Here’s Why Arnold Schwarzenegger Could Squash You with His Thumbs

Gabriel Luna needed a kick in the pants to prepare for his role in the upcoming Terminator: Dark Fate. Today Luna is best known for playing Robbie Reyes. The demonically possessed Ghost Rider on Marvel’s Agents of S.H.I.E.L.D. After the latest Terminator movie opens, he’ll be known as the newest, meanest, most advanced killer cyborg. The 36-year-old actor had to get his body in a better place to play the next-generation Terminator Rev-9 going up against the iconic original T-880.

Training started the day Luna landed the first audition. “I knew I had to get my body into a good place,” he says, “because at the time, I was drinking whiskey and smoking cigarettes and all this other stuff I didn’t need to be doing if I intended to play this role.”

Luna knew he’d eventually have to go on set and stand in front of Arnold Schwarzenegger. “…my motivation was, I want him to see me and see a formidable foe. I don’t want him to see me and think, I could squash this guy with my thumbs.

When you need motivation before your next workout, put yourself in Luna’s place. You don’t want to be the guy that Arnold can squash with his thumbs. Get out there and maximize your program. Build your body with training guidelines from Schwarzenegger’s book, The Encyclopedia of Bodybuilding.

Concentrate on first things first.

Building strength should be your first goal, and you can get strong by focusing on multi-joint moves like bench presses and squats. “Once you have gained 15 pounds or more of muscle mass…you are ready to begin adding a great variety of exercises to your routine,” says Schwarzenegger. Then you can move on to those biceps curls that will give you the big guns you want.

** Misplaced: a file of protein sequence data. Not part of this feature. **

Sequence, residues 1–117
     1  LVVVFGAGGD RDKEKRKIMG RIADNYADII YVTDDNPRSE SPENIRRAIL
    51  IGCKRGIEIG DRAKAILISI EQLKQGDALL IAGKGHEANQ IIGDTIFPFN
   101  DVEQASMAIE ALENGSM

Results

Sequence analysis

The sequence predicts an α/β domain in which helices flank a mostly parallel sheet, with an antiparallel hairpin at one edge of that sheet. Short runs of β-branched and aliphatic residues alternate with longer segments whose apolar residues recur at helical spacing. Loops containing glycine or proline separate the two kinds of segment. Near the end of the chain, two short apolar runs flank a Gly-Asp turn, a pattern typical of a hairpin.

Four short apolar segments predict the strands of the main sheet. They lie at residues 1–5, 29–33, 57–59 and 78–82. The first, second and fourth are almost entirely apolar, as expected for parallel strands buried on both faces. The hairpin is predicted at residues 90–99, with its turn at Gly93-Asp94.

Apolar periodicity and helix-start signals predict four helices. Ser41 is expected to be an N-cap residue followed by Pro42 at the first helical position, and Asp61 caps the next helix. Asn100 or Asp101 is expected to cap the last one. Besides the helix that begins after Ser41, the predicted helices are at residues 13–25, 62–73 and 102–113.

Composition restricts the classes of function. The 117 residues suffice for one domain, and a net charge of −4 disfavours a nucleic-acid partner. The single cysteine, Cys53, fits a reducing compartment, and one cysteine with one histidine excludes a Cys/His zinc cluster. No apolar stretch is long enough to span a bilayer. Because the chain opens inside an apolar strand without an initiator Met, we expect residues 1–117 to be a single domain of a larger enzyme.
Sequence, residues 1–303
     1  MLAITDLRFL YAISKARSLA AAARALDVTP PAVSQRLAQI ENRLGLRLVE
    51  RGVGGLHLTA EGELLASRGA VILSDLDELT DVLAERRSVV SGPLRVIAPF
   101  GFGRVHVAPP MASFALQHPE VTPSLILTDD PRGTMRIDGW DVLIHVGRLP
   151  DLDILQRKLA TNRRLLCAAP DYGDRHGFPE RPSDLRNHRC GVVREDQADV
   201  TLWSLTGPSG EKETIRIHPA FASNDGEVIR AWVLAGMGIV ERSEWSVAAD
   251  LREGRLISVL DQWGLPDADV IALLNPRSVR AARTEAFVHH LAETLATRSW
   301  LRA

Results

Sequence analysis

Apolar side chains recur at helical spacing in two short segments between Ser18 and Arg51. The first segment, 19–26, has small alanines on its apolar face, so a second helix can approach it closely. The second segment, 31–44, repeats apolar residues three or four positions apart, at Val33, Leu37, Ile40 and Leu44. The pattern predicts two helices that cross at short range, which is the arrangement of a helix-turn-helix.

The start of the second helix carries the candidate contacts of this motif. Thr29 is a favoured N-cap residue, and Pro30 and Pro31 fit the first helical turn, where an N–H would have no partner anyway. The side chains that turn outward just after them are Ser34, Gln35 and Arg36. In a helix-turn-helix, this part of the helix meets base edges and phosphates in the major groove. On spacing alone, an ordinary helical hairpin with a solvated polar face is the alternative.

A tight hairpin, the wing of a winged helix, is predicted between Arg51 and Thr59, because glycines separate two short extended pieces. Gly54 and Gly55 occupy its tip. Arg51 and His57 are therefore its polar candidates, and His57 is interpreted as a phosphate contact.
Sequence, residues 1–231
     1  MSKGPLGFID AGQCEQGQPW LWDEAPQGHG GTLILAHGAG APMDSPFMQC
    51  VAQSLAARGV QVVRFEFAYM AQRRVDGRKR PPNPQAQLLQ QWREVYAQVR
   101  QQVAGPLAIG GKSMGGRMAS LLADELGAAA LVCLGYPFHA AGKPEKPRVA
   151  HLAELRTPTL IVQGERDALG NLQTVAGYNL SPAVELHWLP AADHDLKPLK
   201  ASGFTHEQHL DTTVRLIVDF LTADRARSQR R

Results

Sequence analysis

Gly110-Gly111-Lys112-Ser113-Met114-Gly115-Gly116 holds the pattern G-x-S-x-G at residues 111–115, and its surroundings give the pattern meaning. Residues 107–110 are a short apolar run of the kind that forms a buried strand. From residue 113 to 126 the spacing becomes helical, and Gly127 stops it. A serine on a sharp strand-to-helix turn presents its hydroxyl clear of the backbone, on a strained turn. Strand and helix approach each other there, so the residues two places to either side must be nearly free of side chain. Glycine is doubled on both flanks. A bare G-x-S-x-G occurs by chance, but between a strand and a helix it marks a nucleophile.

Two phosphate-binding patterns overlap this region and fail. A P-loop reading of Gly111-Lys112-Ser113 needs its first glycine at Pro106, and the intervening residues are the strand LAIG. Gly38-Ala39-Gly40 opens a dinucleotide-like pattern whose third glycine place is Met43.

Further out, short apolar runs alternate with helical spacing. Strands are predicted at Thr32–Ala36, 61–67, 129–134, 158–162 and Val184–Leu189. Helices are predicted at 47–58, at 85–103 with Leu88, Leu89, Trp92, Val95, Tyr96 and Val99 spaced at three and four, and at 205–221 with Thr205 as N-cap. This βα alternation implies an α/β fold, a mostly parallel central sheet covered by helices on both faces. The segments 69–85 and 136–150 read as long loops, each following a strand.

Favor the reps.

Go ahead and take pride in hitting that single rep at your heaviest weight. You’ve earned the applause. Just remember that Arnold says doing 8 to 12 reps every set will do you more good. “No matter how many fibers the weightlifter involves in one maximal lift, he still uses fewer than he would if he used less weight and did more repetitions,” Schwarzenegger says.

Feel the pump.

Strive to feel the “pump” in every workout even if you are struggling. Concentrate hard enough, and you’ll feel the sensation of blood pumping to the muscle you’re training. The rush of blood causes the muscle to swell, and that’s what you’re looking for when building muscle, Schwarzenegger says.

Cut yourself a day of slack.

Flat-out, non-stop, 7-day-a-week workouts are counter-productive. Stay away from touching even a single weight at least one day each week. Don’t schedule strenuous activity on that free day. “If you’re running marathons Sunday, you are probably not going to have much energy when you go back to the gym on Monday,” says Schwarzenegger.

Track your progress.

Before you begin a serious training regimen, document your start by taking pictures of yourself from the front, back and side. “This way, you can always check back to find out what kind of progress you have made,” Schwarzenegger says.


  1. Hi Anthony! Thank you for your question! As Arnold says, “No matter how many fibers the weightlifter involves in one maximal lift, he still uses fewer than he would if he used less weight and did more repetitions.” And from our research and experience, lifting a lower weight with a higher number of reps increases your muscle endurance so you can move up in weight and therefore build more muscle mass. Happy weightlifting!

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